CharacteristicNo. (%)
Triads included118
Case sex
Male65 (55.0)
Female53 (45.0)
Race/ethnicity
Non-Hispanic White59 (50.0)
Non-Hispanic Black6 (5.1)
Hispanic46 (39.0)
Other7 (5.9)
Age (range 0-14 years)
<4 years56 (47.4)
4-7 years46 (39.0)
>7 years16 (13.6)

Table 2. Population characteristics of childhood acute lymphoblastic leukemia cases, Texas Children’s Cancer Center, 2003-2010.

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We analyzed 128 tagging SNPs of 16 folate metabolic genes to identify SNPs associated with childhood ALL. The SNPs with posterior probability of inclusion greater than 0.2 in the initial screening within each chromosome proceeded to the final analysis. In the initial screening, 7 SNPs among the 128 tagging SNPs were identified, 2 SNPs in gene MTHFD2, 3 SNPs in gene BHMT2, 1 SNP in gene NOS3, and 1 SNP in gene SLC19A1 (Table 3).

GeneSNPPPI* from chromosomal analysis (Phase 1)Bayes factor from joint analysis (Phase 2)
MTHFD2rs16676270.3350.341
MTHFD2rs121960.2270.268
BHMT2rs6702200.2450.576
BHMT2rs6829850.4490.580
BHMT2rs5573020.4050.311
NOS3rs39181860.8547.381
SLC19A1rs10512660.2161.926

Table 3. SNPs Selected from Initial Screening.

* Posterior probability of inclusion.
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In the final analysis of 7 selected SNPs from initial screening, NOS3 rs3918186 and SLC19A1 rs1051266 had Bayes factors greater than 1 (Table 4). In other words, the posterior odds of including the two SNPs in the model were greater than the prior odds of including the two SNPs, indicating that our data supported the association between the two SNPs and childhood ALL risk. Specifically, NOS3 rs3918186 had a Bayes Factor of 7.38, whereby for each copy of the minor allele, there was a 2.16 times risk of developing childhood ALL (OR = 2.16; 95% CI: 1.51-3.15) [21]. We found less evidence in our data for SLC19A1 rs1051266 being associated with childhood ALL. For each copy of the minor allele of SLC19A1 rs1051266, there was a 2.07 times risk of developing childhood ALL (OR = 2.07; 95% CI: 1.25-3.46).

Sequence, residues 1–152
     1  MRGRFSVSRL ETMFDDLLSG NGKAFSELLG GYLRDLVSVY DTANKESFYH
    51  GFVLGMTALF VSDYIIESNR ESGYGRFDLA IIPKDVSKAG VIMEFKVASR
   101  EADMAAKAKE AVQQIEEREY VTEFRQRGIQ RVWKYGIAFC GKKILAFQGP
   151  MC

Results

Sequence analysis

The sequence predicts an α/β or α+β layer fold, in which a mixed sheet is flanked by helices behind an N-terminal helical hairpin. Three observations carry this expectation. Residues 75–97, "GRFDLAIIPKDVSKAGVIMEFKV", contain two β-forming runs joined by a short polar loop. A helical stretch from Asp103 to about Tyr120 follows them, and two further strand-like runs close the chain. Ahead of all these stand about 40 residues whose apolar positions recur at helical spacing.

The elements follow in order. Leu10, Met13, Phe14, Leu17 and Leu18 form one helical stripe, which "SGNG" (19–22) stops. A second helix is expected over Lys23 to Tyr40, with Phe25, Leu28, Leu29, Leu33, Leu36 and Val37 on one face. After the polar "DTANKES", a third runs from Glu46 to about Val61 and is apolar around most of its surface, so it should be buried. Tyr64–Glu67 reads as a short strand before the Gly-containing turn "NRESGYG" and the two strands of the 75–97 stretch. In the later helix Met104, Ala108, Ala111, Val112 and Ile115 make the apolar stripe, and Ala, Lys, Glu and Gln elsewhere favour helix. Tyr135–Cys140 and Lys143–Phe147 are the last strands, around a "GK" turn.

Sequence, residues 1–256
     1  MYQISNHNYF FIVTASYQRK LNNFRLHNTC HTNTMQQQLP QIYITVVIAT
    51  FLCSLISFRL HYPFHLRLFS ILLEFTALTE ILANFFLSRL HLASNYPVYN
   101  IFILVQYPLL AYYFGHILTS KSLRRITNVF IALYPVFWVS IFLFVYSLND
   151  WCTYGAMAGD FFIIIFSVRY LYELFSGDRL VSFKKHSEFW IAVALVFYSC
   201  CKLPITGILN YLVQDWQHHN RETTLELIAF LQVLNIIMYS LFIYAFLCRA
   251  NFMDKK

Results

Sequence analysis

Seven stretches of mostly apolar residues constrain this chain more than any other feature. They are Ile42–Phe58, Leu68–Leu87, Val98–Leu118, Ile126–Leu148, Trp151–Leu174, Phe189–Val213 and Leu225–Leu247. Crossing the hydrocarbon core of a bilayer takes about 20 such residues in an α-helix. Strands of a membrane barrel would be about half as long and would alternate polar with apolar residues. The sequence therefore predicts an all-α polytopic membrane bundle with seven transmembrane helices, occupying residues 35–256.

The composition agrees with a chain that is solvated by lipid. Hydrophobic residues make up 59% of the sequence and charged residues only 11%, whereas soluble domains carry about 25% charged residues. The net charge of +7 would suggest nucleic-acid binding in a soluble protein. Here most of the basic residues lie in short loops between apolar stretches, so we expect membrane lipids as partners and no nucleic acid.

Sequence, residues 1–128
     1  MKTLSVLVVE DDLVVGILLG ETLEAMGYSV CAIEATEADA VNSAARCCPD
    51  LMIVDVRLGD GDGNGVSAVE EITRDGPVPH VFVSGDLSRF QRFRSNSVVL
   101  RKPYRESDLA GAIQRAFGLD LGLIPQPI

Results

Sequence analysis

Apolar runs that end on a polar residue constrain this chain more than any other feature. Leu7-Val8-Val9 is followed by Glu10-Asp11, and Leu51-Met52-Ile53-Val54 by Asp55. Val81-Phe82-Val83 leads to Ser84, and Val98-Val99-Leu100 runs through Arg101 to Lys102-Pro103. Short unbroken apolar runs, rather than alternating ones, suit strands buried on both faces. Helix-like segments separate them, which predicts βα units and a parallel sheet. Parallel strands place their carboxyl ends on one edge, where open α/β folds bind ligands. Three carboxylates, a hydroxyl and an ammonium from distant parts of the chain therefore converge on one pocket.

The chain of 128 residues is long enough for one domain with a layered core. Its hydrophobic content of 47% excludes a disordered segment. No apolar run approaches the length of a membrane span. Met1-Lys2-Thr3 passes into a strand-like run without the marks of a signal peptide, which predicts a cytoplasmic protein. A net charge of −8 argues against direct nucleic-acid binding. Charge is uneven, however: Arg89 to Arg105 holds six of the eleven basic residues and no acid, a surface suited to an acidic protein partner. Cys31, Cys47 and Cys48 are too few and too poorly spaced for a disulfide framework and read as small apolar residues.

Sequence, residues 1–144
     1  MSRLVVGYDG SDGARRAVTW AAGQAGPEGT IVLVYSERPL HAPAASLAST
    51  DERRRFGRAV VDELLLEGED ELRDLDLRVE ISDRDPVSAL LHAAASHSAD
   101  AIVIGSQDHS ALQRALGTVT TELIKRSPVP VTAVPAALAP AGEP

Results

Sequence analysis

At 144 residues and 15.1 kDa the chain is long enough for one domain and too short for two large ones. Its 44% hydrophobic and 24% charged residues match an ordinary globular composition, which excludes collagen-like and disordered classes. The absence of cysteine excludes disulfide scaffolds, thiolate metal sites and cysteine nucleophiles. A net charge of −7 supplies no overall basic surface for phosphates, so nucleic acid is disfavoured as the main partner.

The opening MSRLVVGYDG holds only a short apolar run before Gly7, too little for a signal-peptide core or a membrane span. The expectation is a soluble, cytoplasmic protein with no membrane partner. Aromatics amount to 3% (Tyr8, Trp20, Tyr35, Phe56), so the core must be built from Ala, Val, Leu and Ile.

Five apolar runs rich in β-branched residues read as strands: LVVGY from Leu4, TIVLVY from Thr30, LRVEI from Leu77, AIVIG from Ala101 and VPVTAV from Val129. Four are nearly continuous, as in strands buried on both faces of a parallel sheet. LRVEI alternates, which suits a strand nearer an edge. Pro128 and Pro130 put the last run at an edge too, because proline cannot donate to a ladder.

GeneSNPOdds ratio95% CIPPI*Bayes factor
NOS3rs39181862.16(1.51, 3.15)0.7117.38
SLC19A1rs10512662.07(1.25, 3.46)0.3911.93

Table 4. Two SNPs Identified from Final Analysis.

* Posterior probability of inclusion.
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Discussion

To our knowledge, this is the first application of Bayesian hierarchical models designed for case-parent triads to identify SNPs associated with disease. Previous assessments utilizing this approach have explored microsatellite markers [6]. We extended this method to include the evaluation of SNPs because of the availability of high-dimensional SNP array data for many phenotypes and as case-parent triads are becoming more common in the role of inherited genetic variation on childhood cancer risk [15,22-25]. The case-parent triad design provides an advantage to the traditional case-control design as it is immune to population stratification bias. This is because analyses are based on whether the inheritance of alleles by affected children deviates from Mendelian expectation rather than a comparison of genotypes between a case group and a control group [12,13]. Additionally, the case-parent triad design is useful when appropriate controls are difficult to identify or enroll. Finally, family-based designs often provide greater power than traditional case-control designs [26].

In our study, we used SSGS to analyze 128 tagging SNPs in 16 folate metabolic genes to identify associations with childhood ALL risk. Using Bayes factors among this variants in childhood ALL case-parent triads, two SNPs were identified with a Bayes factor greater than 1. There was evidence that the minor alleles of NOS3 rs3918186 and SLC19A1 rs1051266 were positively associated with childhood ALL according to commonly cited guidelines for Bayes Factors [21]. In fact, the minor alleles of each of these SNPs carried twofold increase in risk for childhood ALL.